The ability to communicate and complete processes electronically enables greater globalizing of business. But how does this affect the IS organization, and what action should CIOs take? We recently studied multinational enterprises – including BP, HSBC, Pirelli, Solectron, Southcorp and Unicef – to capture their key decision points for ‘glocalizing’, balancing global and local pressures.
It’s important to identify the balance between global integration and local responsiveness – from a business rather than an IS perspective.
To simplify things, we use just four predominant global business governance orientations. Each has an associated IS governance orientation that identifies the most appropriate location for IS processes and roles.
Assess your global business governance orientation
Global governance orientation refers to the desire to integrate globally and the need to maintain local responsiveness. A centralized business is heavily pressured to provide global integration, but less pressured to provide local responsiveness. A federated business is heavily pressured to provide both global integration and local responsiveness. In this model assets are usually highly coordinated. A parent-led business has medium to low pressure for both global integration and local responsiveness. In this model, most assets, apart from those associated with core capabilities, are decentralized. And a multi-local business is heavily pressured to be locally responsive.
Link IS macro-processes to global governance orientations
Grouping all IS activities into three macro-processes helps to sort out where processes should be located in different global governance orientations. The three processes are: driving innovation and strategy, delivering business change initiatives, and supplying and supporting infrastructure. Each IS macro-process can occur globally or locally, or in a mix of locations.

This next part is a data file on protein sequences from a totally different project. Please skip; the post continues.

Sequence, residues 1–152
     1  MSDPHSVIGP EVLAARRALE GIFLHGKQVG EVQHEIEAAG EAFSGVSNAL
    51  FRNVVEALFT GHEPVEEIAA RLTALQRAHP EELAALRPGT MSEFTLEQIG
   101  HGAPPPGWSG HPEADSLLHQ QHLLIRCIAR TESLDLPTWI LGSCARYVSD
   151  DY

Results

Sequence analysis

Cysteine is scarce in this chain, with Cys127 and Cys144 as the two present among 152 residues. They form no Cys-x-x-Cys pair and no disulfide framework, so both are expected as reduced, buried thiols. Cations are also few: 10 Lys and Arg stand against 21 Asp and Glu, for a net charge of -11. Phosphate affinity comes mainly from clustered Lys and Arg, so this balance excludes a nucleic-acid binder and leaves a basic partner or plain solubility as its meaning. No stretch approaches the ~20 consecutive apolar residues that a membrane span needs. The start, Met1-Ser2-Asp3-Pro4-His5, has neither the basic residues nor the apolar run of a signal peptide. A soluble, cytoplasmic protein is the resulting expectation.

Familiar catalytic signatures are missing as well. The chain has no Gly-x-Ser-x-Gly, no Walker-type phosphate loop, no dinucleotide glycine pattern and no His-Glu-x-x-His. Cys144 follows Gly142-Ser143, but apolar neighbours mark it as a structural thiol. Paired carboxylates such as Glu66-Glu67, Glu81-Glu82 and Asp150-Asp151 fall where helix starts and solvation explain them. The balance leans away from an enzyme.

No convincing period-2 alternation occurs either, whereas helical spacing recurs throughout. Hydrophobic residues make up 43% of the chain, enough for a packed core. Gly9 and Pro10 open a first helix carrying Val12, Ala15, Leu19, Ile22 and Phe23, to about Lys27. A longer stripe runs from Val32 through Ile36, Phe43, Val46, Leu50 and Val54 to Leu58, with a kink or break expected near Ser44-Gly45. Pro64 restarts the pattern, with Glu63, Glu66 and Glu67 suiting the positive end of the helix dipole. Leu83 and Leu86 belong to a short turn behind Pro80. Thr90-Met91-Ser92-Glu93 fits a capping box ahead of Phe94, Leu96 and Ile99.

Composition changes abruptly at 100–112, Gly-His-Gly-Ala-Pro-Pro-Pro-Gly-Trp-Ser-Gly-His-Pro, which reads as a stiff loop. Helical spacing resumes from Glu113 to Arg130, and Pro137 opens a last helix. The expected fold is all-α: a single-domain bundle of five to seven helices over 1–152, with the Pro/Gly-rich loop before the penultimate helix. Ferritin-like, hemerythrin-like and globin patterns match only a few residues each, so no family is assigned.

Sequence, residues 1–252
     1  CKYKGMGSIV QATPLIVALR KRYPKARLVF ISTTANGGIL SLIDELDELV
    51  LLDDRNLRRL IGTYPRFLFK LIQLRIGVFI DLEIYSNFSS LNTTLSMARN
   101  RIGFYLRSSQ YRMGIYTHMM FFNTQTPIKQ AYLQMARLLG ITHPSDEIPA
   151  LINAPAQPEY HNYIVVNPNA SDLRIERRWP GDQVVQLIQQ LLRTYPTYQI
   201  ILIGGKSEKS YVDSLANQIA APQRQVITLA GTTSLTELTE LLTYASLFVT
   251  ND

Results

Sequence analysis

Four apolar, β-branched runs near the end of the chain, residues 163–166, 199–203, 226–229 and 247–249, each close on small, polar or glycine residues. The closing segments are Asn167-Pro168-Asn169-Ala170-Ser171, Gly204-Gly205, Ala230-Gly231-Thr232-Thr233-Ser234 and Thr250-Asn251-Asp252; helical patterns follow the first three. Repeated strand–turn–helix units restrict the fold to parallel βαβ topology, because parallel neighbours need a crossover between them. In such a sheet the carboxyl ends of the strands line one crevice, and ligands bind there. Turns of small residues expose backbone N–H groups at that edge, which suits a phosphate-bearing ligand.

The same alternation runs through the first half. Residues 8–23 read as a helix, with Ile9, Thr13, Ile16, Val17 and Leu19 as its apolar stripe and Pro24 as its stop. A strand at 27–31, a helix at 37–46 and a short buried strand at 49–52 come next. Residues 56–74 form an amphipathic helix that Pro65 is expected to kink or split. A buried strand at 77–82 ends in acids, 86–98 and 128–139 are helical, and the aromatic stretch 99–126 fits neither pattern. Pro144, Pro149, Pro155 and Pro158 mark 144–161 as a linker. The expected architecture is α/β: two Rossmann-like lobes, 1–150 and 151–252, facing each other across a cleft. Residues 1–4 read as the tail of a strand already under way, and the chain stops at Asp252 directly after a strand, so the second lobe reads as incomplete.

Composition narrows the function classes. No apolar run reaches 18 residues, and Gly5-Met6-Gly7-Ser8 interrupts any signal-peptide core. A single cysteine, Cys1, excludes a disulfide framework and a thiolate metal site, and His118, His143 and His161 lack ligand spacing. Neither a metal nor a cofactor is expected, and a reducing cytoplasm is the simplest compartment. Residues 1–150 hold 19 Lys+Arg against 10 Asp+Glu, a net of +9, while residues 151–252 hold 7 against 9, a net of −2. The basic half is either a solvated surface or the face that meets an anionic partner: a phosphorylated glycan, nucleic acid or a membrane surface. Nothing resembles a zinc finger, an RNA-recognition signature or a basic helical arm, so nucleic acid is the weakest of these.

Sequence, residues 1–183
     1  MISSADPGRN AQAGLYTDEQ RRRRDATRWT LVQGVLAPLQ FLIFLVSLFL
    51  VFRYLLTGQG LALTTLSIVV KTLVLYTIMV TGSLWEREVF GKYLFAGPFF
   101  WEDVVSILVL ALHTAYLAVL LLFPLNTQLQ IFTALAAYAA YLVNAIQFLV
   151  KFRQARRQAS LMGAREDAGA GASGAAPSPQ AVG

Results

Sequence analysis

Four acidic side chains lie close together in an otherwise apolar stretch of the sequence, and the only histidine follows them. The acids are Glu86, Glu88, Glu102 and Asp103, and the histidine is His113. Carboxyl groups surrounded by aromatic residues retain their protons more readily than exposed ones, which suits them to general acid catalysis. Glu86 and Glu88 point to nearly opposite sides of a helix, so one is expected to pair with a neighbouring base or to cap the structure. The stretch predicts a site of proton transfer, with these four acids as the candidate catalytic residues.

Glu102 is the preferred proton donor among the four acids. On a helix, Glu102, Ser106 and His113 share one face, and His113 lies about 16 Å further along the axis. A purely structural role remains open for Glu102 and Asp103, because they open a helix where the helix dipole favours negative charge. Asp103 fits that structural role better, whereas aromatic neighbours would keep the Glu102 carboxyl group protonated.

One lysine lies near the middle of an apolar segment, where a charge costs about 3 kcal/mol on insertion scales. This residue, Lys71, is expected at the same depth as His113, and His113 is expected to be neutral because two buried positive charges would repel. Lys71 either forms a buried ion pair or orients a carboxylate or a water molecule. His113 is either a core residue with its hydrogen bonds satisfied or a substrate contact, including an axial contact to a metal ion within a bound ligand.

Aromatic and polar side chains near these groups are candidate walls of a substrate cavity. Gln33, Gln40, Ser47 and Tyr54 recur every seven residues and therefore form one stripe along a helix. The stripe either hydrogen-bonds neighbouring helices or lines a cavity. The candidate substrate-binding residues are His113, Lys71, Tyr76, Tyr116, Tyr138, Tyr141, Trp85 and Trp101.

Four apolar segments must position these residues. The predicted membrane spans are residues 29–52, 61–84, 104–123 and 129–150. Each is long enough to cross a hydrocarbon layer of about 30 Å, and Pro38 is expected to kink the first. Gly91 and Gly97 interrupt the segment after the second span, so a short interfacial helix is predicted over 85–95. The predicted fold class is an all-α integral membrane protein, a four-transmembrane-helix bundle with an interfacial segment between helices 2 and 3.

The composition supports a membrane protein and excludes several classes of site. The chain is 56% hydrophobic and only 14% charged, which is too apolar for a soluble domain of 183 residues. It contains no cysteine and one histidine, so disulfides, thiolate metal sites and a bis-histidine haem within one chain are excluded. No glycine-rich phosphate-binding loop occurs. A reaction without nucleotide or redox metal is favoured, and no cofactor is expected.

In centralized businesses, all three macro-processes are centralized. In federated businesses, the ‘driving innovation and strategy’ and ‘infrastructure supply and support’ processes occur both globally and locally, while ‘delivering change’ happens locally. In multi-local businesses, all three IS macro-processes are handled locally.
Link IS roles to global governance orientations
In Gartner Executive Program’s previous work we identified five roles crucial to all IS organizations, no matter how IT services were delivered: IT leadership, architecture development, business enhancement, technology advancement, and vendor management. These roles can be mapped onto the four global governance orientations to identify their best location.
In centralized businesses, all roles are centralized except ‘business enhancement’, which is mixed. In federated businesses, all the roles are mixed except ‘business enhancement’, which is local. In parent-led businesses, the ‘IT leadership’ and ‘architecture development’ roles are centralized, where possible, while ‘business enhancement’ and ‘vendor management’ are mixed, depending on circumstances. In multi-local businesses, all IS roles are handled locally.
As a generalization, the IS processes and roles in a multinational business should flow from the parent governance orientation. Or, more specifically, they should flow from where the enterprise is moving to, rather than reflect enterprise history.
Beware the Murphy factor
Be warned – logic and rationality can only get you part of the way to working out where and how to locate your IS processes and roles. A number of constraints and leverage points introduce uncertainties:
- The business mandate autonomy profileDiversity of the countries in which the business operatesThe IT maturity of the countries in which the business operates
Businesses with a history of autonomous local units have difficulty globalizing and standardizing. They can do so through corporate mandates or socialization. But mandates really work only where there is a strong focus on and history of control. Socialization takes time, lots of face-to-face dialog, and collaboration mechanisms.
Globalizing businesses also need to accommodate the diversity of the countries in which they operate – in areas such as political environment, business culture, legal structure, overall economy, public infrastructure, and market structure.
The third constraint, or leverage point, is the IT maturity of the countries where the business operates. IT maturity can be measured in many ways: degree of telecom deregulation, PC penetration, Internet connections, penetration of fibre optic cable, IT investment, maturity of the IT services market, and IT market attractiveness.
Dr. Marianne Broadbent is Group Vice Presicent and Global Head of Research for Gartner’s Executive Programs.